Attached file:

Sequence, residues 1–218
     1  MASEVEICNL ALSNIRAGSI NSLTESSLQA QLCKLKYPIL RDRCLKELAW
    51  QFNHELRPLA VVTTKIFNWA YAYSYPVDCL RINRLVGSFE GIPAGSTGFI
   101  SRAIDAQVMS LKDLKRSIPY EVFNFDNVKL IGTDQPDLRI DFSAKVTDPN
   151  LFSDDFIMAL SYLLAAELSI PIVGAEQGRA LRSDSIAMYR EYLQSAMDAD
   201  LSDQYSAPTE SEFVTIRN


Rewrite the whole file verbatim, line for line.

Sequence, residues 1–218
     1  MASEVEICNL ALSNIRAGSI NSLTESSLQA QLCKLKYPIL RDRCLKELAW
    51  QFNHELRPLA VVTTKIFNWA YAYSYPVDCL RINRLVGSFE GIPAGSTGFI
   101  SRAIDAQVMS LKDLKRSIPY EVFNFDNVKL IGTDQPDLRI DFSAKVTDPN
   151  LFSDDFIMAL SYLLAAELSI PIVGAEQGRA LRSDSIAMYR EYLQSAMDAD
   201  LSDQYSAPTE SEFVTIRN